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Former cop who shot Sammy Yatim testifies Taser would have 'changed everything'

Former Toronto police officer James Forcillo began testifying Monday at a coroner's inquest into the death of Sammy Yatim on a TTC streetcar over a decade ago. (Marta Iwanek/The Canadian Press - image credit)
Former Toronto police officer James Forcillo began testifying Monday at a coroner's inquest into the death of Sammy Yatim on a TTC streetcar over a decade ago. (Marta Iwanek/The Canadian Press - image credit)

The former Toronto police officer who shot Sammy Yatim over a decade ago began testifying at a coroner's inquest Monday, telling the jury that easy access to a Taser would have made all the difference in the case.

When asked by inquest counsel Grace Alcaide Janicas if anything would have helped him make better decisions while on the job, James Forcillo said having a Taser when he encountered Yatim would have "changed everything.

"If I had access to a Taser, none of us would be here," he said.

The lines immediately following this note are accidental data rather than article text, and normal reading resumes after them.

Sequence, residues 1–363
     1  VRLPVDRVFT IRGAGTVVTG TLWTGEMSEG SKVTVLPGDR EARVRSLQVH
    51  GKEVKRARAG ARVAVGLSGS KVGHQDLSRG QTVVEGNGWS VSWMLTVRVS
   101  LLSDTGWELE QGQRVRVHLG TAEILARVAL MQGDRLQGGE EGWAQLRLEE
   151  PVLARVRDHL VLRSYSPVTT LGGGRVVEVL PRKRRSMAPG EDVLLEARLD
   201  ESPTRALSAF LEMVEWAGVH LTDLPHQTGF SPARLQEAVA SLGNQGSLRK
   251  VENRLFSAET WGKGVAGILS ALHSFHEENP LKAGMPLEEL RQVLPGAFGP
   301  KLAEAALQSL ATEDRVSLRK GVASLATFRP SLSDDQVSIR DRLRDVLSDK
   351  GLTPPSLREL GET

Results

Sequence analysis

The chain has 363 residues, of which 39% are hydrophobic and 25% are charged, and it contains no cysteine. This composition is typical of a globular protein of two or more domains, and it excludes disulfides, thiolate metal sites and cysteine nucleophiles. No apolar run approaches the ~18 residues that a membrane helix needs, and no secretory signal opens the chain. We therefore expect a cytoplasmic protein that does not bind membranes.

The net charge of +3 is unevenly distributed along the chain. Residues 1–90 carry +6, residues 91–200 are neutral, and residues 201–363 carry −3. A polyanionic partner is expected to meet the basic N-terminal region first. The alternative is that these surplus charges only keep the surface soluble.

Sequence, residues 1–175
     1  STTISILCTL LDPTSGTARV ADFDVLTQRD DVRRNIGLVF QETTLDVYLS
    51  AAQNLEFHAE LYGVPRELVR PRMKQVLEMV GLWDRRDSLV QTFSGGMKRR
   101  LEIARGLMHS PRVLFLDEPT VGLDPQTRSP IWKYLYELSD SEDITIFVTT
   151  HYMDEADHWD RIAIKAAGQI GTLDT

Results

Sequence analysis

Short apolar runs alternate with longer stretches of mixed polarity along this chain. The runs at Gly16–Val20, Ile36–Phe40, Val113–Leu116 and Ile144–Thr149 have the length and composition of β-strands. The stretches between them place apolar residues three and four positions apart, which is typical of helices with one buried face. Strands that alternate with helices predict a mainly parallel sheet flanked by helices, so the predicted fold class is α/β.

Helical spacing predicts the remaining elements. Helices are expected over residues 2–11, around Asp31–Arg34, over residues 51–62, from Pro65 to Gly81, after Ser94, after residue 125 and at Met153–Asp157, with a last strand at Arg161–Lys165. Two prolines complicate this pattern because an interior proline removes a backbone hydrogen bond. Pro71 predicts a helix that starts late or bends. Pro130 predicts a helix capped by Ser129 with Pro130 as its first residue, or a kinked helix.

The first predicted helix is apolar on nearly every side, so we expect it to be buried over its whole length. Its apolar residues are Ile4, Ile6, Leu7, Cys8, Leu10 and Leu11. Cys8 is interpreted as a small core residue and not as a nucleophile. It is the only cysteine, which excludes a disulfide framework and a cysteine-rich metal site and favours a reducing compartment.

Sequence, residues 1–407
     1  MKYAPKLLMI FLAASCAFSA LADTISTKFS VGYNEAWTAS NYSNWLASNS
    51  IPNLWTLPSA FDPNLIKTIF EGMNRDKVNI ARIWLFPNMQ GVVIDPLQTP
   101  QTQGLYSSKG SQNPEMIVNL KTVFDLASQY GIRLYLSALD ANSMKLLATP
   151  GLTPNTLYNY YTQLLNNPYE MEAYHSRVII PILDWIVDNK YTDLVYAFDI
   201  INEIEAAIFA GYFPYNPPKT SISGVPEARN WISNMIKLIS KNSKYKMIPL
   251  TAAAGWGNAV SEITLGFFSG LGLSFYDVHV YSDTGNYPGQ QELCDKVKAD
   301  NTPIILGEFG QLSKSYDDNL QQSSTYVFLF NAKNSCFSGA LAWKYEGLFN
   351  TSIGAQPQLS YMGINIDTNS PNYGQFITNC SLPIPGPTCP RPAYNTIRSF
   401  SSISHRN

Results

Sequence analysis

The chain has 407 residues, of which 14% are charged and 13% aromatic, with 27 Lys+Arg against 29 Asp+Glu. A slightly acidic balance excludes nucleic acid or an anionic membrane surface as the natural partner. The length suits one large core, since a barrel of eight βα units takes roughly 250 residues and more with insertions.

Yatim was 18 when Forcillo shot him on an empty streetcar in July 2013. The teen, who was holding a small knife, was hit by two separate volleys of bullets.

During a criminal trial back in 2016, jurors acquitted Forcillo of second-degree murder related to the first round of shots, which the court heard had killed the teen. He was convicted of attempted murder related to the second volley, fired while Yatim was lying on his back.

Forcillo was sentenced to six-and-a-half years behind bars and was granted full parole in 2020.

Around the time Yatim died, only supervisors with Toronto police had access to Tasers, and on that night, there was a shortage of them available, Forcillo testified.

He argued limited Taser access was a "giant failure" on the part of the Ontario Solicitor General, but one that has since been remedied as conducted energy weapons are now more widely available to frontline officers.

Yatim was 18 years old when Forcillo shot and killed him. (Submitted by the Yatim family)

Jurors have been told that the inquest is meant to explore issues related to police decision-making and best practices in dealing with people in crisis, but not to review the events of that night or Forcillo's potential culpability.

Forcillo's testimony continues Tuesday.